While zines continue to be a medium for the activist, they are increasingly used as a method for unleashing creativity. “There’s no rules with zine culture,” says Craig Proud, director of Dizzy Ink, a risograph and screen printing studio in Nottingham which specialises in zine-making (and this month’s cover artist!). “You can craft something really horrendous. But there’s no room for pretentiousness. Everybody’s having a go. It doesn’t matter if it’s not super slick or pristine.”

This gentle, DIY approach allows zine-makers to embrace imperfections and human error, along with the opportunity to cover pretty any topic under the sun. One zine creator Ed Phipps, previously part of Dizzy’s print studio, began making zines during the first lockdown in 2020 and has created several different publications: Bikini State, Smell the Roses and The Dump. He attributes making zines to developing both inspiration and confidence in his other art projects.

“A lot of people have experiment folders on their laptops, so we made The Dump a place to publish all of that unused work. Sometimes you make something you wouldn’t ordinarily make and you think I like it, but would anyone else like it? Should I share it? It was a bit like the way comedians perform smaller shows to test out new material. It took away the pressure,” says Ed.

You can craft something really horrendous. But there’s no room for pretentiousness. Everybody’s having a go. It doesn’t matter if it’s not super slick or pristine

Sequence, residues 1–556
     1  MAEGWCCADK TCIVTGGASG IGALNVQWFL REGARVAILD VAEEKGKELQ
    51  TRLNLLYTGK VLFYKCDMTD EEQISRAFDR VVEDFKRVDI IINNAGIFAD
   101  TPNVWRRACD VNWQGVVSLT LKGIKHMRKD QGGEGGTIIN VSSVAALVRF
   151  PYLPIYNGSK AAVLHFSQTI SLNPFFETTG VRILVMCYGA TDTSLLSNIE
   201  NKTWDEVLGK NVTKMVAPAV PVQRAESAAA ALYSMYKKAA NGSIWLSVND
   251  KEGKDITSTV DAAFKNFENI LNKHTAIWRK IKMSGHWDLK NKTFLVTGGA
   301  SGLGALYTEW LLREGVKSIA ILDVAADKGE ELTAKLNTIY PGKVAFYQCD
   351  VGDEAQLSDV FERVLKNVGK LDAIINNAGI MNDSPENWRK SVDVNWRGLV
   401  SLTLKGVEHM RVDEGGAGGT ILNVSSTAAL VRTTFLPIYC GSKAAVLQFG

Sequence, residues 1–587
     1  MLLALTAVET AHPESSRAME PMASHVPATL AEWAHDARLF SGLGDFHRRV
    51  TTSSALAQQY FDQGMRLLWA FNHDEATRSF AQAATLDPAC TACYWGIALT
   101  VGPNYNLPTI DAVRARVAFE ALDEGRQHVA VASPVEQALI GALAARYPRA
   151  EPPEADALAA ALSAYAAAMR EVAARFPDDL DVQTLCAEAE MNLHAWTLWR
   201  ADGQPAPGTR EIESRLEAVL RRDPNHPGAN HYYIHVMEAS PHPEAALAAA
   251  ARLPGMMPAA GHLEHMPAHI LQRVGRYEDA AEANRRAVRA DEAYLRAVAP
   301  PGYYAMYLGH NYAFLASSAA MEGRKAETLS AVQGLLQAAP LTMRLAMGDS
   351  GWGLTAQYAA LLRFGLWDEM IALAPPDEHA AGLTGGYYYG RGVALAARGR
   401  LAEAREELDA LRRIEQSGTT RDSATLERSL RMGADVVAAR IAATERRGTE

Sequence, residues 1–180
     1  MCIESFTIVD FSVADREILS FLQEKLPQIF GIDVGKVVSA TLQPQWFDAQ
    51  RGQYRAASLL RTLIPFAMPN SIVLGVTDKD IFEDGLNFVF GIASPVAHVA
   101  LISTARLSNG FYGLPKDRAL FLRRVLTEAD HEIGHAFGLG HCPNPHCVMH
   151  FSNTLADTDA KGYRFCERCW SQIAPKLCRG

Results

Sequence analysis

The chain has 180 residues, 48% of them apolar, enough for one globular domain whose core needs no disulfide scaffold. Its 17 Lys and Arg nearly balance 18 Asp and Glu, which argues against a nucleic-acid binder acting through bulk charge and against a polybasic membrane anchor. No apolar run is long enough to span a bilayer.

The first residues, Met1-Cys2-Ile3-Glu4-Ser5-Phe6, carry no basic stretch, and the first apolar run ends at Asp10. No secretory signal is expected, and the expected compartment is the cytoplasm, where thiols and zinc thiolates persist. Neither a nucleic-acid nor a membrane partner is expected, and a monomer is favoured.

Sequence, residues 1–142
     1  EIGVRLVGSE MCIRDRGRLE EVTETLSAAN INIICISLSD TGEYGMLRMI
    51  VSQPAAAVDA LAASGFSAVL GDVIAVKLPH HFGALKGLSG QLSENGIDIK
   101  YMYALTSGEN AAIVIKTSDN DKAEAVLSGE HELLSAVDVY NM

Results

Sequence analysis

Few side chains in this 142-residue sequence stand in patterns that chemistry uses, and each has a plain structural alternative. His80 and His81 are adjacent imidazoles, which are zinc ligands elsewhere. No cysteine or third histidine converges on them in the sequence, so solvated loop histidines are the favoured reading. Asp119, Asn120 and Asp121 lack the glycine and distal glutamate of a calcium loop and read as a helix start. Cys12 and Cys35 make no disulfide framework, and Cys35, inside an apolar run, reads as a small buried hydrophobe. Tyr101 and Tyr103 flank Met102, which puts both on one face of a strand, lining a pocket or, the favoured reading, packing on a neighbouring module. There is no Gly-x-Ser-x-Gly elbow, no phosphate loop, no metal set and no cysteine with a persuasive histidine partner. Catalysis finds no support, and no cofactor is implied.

Luckily, we have several wonderful archives dedicated to zines here in Nottingham. In 2018, Craig at Dizzy Ink co-created a zine library that now lives at Blend Cafe in Nottingham Contemporary, and Matt opened another library at the NTU Boots Library in 2023. “Within the educational environment of the library at NTU it’s much more for a purpose to go and look at the zines, but the Contemporary’s zine library is there for the public,” says Matt. “It’s at the other end of the city and being in that kind of cafe environment it's a bit more laid back, you can kind of just happen upon them.”

Over in St Ann’s, another archive exists in The Sparrows’ Nest Library and Archive. Containing thousands of zines, pamphlets, flyers and other pieces of ephemera relating to radical culture in Nottingham, the UK and beyond, this invaluable and unique collection is a treasure trove of social history dating back decades. (Read more on pages 18-19).

“Zines are a brilliant archive and record of changing styles and tastes in creativity and different people's voices, current themes and trends,” says Matt, who regularly gets students to create zines to document their work at university. “They’re a good sort of litmus test of what are the hot topics of the day.”

Indeed - it may be said nowadays that whatever is posted online exists forever, but the question exists as to whether anyone is really collating and storing this mass of information, never mind where someone would even start. Sifting through all of these papers, pamphlets and zines, it makes one wonder what pieces of history get forgotten forever, and what stories and publications float back to us over time, the importance of their topics reframed and revalued.

If this issue has tickled a creative itch in you, why not head to one of the zine libraries for inspiration, or the annual Zine Fest held at the end of the year. There are also numerous workshops that pop-up throughout Nottingham where you can create your own zine or collaborate with others - we’ve even put together our own tips and tricks for making a zine on page 45.

Weird, democratic, creative and sometimes wildly revealing, zines make publishing accessible to everyone, so long live zines and long live print!